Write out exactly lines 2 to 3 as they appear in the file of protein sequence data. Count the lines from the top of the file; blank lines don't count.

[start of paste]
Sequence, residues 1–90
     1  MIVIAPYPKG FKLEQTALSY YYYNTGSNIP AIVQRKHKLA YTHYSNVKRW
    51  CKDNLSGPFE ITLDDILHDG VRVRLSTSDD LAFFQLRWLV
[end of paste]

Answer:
     1  MIVIAPYPKG FKLEQTALSY YYYNTGSNIP AIVQRKHKLA YTHYSNVKRW
    51  CKDNLSGPFE ITLDDILHDG VRVRLSTSDD LAFFQLRWLV